Life never seems fair here, not that “fairness” has ever been promised to us. But growing up in America has given me so many advantages and opportunities–such things as potable water from the faucet, reliable power, a roof that doesn’t leak, food security, access to health care, financial security–and I could go on and on, but you get the picture.
I had my first experience with emergency medicine here a few weeks ago. One of our beneficiaries, who has been dealing with AIDS and extra-pulmonary TB, had been getting sicker and sicker, and it was hard to figure out what was going on. Was she suffering from the combined medication side effects for both problems, was she depressed, was she demented due to HIV or an opportunistic brain infection, was there something else happening? She started to become confused and was seeing things. Then she became agitated and combative and threatened her kids with a knife. Then she became completely unresponsive–to any of the measures I had learned as a neuro nurse to try to arouse someone.
So began the saga of accessing care. We called our favorite taxi driver, carried her to the back seat and her oldest son, the Ethiopian nurse and I piled in and off we went to the ER. Fortunately there was a stretcher outside when we got there–that probably got her quicker treatment, along with the fact that my nurse knew a nurse in the ER and the “ferenji” woman was there. We did get seen rather quickly, the doctor was VERY young, but thorough in his exam, ordered a complete blood count, chest x-ray and CT scan of head. (There were some other things I would have liked done, but…) The lab work was done at the hospital, after we wheeled her over to the lab–and got a paper so there would be no charge. For the CT scan and x-ray, we had to call the taxi again and take her to another hospital to get those done–don’t ask why, because it just doesn’t make sense. Well, the first place we went could do the scan and read it, but couldn’t give us copies because their printer was broken–and the tech knew that the original hospital wanted the pictures. The second and third places we went had no power–not atypical for this time of year here.
So we sent her back home and went back to the office to put our heads together to figure out the best plan. Since we (the project I work with) would be paying for this, we wanted to do the best for her, but be cost-effective. We decided that what she really needed was nursing care, since her condition was such that her sons were unable to manage her at home and her condition was so fragile, and possibly terminal. After a few phone calls, we found a place that would take her–except when she got there, they wouldn’t and wrote a referral for “rehab”. Eventually a place was found and she stayed there for about a week, regained consciousness, but was still very confused and was seeing bugs again. Unfortunately, the cost to keep her there was getting to be too much, so we asked for a referral back to the first hospital, but after another trip there, they wouldn’t take her.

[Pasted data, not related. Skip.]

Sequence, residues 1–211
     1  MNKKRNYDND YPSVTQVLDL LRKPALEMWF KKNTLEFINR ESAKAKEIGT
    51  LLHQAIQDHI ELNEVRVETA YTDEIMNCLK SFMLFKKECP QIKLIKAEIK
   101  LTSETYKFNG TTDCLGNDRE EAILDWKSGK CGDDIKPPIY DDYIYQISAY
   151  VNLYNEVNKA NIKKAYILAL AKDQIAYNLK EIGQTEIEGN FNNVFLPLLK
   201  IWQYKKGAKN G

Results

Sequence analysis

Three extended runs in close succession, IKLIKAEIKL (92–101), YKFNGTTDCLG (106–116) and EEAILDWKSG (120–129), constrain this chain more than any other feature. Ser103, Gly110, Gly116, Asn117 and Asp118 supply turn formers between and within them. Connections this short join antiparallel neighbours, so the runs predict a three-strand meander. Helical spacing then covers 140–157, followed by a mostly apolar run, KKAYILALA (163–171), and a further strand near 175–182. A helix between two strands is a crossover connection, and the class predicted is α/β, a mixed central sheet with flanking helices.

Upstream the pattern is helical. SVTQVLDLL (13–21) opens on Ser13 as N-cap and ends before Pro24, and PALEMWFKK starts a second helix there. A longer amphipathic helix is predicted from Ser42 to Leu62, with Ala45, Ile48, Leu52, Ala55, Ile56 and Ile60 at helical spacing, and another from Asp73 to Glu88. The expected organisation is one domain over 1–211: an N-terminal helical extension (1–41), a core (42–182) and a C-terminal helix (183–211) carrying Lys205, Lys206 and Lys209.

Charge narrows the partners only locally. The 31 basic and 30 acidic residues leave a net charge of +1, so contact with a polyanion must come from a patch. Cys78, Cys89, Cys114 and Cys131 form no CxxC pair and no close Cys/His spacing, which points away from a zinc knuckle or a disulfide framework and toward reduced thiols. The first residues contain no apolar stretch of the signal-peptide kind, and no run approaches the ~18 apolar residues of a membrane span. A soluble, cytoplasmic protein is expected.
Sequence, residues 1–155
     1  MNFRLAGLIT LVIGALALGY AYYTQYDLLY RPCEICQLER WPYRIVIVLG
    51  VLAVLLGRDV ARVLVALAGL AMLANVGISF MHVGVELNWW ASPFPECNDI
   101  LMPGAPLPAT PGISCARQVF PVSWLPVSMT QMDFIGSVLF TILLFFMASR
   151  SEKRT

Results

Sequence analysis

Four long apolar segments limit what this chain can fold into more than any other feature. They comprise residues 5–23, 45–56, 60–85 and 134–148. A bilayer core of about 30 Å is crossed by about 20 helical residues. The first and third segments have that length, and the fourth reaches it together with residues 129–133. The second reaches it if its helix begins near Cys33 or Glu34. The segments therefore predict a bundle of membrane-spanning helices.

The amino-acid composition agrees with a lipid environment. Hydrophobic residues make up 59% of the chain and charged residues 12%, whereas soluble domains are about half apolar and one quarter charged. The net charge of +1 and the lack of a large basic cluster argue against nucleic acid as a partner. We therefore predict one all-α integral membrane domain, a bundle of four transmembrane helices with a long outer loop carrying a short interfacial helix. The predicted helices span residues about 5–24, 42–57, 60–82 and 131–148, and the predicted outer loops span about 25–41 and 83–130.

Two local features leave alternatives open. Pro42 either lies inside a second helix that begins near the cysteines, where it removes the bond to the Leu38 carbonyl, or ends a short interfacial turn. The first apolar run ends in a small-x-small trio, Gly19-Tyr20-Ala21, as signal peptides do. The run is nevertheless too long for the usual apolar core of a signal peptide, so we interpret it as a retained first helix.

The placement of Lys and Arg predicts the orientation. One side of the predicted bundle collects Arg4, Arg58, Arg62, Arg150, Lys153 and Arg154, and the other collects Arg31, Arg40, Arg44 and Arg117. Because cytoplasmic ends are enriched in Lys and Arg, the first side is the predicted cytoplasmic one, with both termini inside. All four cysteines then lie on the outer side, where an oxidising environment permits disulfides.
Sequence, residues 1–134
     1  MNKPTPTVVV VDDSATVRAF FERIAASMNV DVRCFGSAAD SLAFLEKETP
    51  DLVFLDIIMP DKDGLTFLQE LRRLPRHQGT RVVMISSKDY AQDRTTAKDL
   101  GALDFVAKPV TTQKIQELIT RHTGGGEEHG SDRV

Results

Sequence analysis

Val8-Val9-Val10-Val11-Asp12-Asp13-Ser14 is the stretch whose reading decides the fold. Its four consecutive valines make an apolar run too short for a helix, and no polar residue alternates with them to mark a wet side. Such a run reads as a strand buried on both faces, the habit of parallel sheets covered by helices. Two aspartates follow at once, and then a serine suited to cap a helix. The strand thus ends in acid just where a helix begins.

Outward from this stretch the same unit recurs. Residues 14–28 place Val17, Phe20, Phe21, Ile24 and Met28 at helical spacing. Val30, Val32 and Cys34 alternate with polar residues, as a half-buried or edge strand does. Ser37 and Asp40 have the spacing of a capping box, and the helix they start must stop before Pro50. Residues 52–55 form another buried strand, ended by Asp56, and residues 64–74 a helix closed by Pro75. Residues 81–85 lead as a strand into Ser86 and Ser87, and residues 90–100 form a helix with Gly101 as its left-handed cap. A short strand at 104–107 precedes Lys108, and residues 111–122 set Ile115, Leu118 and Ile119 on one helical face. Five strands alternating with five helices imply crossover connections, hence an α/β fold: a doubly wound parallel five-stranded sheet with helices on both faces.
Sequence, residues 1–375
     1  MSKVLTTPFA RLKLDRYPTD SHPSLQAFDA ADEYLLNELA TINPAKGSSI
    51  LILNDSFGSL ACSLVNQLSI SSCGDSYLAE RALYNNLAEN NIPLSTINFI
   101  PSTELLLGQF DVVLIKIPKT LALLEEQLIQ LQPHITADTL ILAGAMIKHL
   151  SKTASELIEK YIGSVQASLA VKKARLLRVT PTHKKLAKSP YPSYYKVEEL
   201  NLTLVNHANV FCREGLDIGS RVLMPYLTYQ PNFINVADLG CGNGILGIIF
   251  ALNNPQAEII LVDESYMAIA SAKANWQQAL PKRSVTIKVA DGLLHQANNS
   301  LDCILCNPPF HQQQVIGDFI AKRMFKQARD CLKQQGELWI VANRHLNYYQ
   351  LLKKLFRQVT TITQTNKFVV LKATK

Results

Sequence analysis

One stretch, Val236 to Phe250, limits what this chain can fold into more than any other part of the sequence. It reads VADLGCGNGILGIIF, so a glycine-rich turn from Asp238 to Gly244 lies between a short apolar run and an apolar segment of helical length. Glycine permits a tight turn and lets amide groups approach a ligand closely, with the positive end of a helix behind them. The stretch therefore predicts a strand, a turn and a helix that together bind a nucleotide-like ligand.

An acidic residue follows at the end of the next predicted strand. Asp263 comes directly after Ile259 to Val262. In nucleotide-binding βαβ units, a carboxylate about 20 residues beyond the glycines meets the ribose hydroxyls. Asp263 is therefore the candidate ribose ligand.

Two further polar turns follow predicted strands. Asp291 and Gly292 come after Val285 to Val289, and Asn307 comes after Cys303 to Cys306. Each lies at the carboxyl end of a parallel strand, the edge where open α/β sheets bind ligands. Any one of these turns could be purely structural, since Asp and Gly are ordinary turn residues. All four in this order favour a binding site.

So this poor lady goes back home with her sons, all teenagers. We decided to ask one of our other beneficiaries who is doing well to be a day time caregiver to this lady, (for about the cost of $1.00/day) which was probably one of the better decisions we’ve made. With some constant attention, good food and loving care, she made great strides in the first week. Then the “bugs” reappeared and she started biting herself. So this week, it was a trip to the psychiatric hospital, where they didn’t keep her, but gave her some Haldol and Thorazine and sent her home with a follow-up appointment in 2 months! Well, today, she was sitting up, talking to us, eating well, according to the care giver and told me she needed a new pair of flip flops if she was to get up and walk around. She proceeded to pull the flip flops out from under the bed and show me how the thong pulled out from the sole!
So why do I say “God is good” in the title? Those were the words her oldest son spoke to me in the ER on the first visit as we were standing in a crowded corridor. This son, who has been the most responsible in the family (and that’s not saying a lot some days), knows the reality of Christ in his life, as does his mother. I almost burst into tears when he said this, because he was so sincere and utterly believed it, despite the seeming hopelessness of the situation with his mother. I felt that any words I had to say to him would ring hollow. We talked about how sick his mom was, how she could be near death, but if she did die, she would be with Jesus in heaven and would be free from her suffering. He talked about how the death of Lazarus, in the Gospel of John, chapter 11, was to show God’s glory.
So, is God good–all the time, just some of the time, or just when things are going right, when the sun is shining, when there is power, water or any of the myriad of things that I think are necessary for life and health and peace?
Yes, God is good–to allow me to be here and care for “the least of these”, to allow me to experience the suffering and pain and unfairness of life here and to be able to shed some of His light and life and love into the dark corners. He would be good whether my patient had died or was able to ask me for new shoes, because that is His nature and that never changes.
Well, I must now grope my way to the bedroom by the light of my computer screen, because the generator just went off.
Please continue to pray for me as I serve here, that I would show the light of Christ to those I care for and work with. I start language school in 3 weeks, which will make my life significantly busier, as I juggle language learning and working.